Same security flaw as before: dumps “org” directly into the URL. Probably not exploitable: requires the response to be a list of objects with “name”s, uses whatever admin access is available on the app for injection if logged in, e.g. org = secret/blocks#.

Works and saves you having to read the docs, though, so nice.

// find images without an alt attribute
// and give them a red border
function nonAltImages() {
  const images = document.querySelectorAll('img');
  for (let i = 0; i < images.length; i++) {
    if (!images[i].hasAttribute('alt')) {
      images[i].style.border = '1px solid red';

Does what it says on the tin! At first I thought this might be tripped up by <picture> tags, but these tags contain an <img> as default, so it’s fine. Doesn’t check for blank alt, but that’s what the comment tells it to do.

Generation by examples

The comment marker generation is amazing! Codex needs to “know” some of this stuff to be able to write code: it needs to be able to switch between “code” style and “comment” style. It’s not quite “right”, though: all given examples are inline comments except COBOL, where “*” only works if it’s the first character of the line (position 7, after the number). The inline start for COBOL comments is “*>”.

For the database generation: I’m not sure of the worth of generating a schema ex nihilo, ignoring any information about other tables. Doubtless this will improve.

For the time generation: knowledge of how everything fits in is very cool, but I don’t think const months = 30 * days is a good idea. The subsequent const years = 12 * months give a year having 360 days, which is nicely divisible but also wrong. For an approximation, having a year be 52 weeks would be better.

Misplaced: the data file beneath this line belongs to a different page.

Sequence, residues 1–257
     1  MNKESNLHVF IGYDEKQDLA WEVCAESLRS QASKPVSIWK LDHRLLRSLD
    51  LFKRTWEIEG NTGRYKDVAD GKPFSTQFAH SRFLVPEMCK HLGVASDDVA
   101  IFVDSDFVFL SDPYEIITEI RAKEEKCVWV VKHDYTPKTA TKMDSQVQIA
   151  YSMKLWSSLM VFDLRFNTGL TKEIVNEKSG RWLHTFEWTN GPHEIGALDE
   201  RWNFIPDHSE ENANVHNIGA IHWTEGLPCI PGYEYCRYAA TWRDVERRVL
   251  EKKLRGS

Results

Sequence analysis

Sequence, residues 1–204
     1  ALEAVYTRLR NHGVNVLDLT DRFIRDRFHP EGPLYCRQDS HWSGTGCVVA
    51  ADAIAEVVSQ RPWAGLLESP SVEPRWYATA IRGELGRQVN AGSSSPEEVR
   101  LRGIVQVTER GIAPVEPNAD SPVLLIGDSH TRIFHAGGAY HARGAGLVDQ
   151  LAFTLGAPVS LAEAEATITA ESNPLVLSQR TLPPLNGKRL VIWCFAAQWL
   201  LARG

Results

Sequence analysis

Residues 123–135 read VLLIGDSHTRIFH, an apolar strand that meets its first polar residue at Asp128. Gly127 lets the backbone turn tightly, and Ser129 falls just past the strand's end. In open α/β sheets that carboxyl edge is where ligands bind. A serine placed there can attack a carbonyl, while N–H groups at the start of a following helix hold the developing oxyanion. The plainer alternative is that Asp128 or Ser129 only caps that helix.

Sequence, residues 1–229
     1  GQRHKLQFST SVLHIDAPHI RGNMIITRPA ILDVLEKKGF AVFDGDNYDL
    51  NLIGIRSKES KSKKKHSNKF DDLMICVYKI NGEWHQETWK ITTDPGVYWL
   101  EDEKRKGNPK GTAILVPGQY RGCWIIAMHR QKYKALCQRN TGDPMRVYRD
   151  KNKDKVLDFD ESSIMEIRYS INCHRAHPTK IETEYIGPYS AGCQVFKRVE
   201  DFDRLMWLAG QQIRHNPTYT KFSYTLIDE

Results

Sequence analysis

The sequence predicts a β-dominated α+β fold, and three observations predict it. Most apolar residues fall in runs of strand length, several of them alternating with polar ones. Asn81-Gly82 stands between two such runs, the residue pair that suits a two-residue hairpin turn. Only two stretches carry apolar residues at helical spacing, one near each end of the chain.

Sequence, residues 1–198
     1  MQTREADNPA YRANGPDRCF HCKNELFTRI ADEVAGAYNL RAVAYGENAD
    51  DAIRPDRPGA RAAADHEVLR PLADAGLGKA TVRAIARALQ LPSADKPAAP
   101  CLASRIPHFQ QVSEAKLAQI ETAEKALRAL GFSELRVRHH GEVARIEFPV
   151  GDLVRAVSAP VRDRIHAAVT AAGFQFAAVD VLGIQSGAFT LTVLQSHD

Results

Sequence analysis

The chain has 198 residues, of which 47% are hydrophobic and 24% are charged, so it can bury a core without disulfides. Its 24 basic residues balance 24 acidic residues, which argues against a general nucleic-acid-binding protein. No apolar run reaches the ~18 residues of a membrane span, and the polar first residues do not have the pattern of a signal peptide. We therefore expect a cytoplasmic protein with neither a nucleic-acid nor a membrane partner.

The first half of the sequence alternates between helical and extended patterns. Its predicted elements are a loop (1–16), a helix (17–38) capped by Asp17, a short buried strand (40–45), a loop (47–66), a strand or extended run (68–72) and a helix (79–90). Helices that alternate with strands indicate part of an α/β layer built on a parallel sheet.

Unit Test Generation

All of these are extremely neat, and may encourage coding patterns involving putting the tests in the same file as the code, which is a pattern I like from Rust. That, or developers will generate the tests in the same file and move them out once they’re done, or you could prompt VSCode with where your source is so it can send the right thing to Copilot. Lots of interesting opportunities here.

I think the nicest bonus is the ability to autogenerate what a good test looks like for an unfamiliar framework or a familiar framework with a lot of boilerplate (e.g. Angular). I wonder whether Copilot is actually running the code to ensure the tests pass, or just looking at it and figuring out what it should do. Either is interesting.

On the downside, for the simple non-React examples they gave I think property-based testing might be more fitting. Copilot won’t help you if you’re asking it to solve the wrong problem.

Unfamiliar code generation

We have managed to obsolete codility: just pass it to Copilot and get a solution! If it doesn’t compile or pass tests, try again until it does.

Looking only at the memoization examples, I note that for JavaScript and TypeScript (and probably Ruby), falsy types aren’t cached (so null, undefined, false…). I’d expect the Python one to point you to the @functools.cache or @functools.lru_cache decorators.

I see this as good for generating documentation examples for a widely used library you’ve written, but perhaps not so great for finding out how to do something properly for a library you’ve never used before.


Copilot is exciting, and a breakthrough in what’s possible for developer productivity, at least in some areas. There’s lots of room for growth – I’m particularly interested in what can be done for code -> tests, tests -> code and code -> documentation.

I think the legal risks are to high to justify using in a commercial venture until it’s been to court a few times (similar to how GPL code is avoided). I think it may be useful in some areas, especially for high-boilerplate javascript frameworks, but I don’t think it’s at the stage where it’ll be useful in day-to-day coding. There’s good reason to believe it’ll improve from here, though!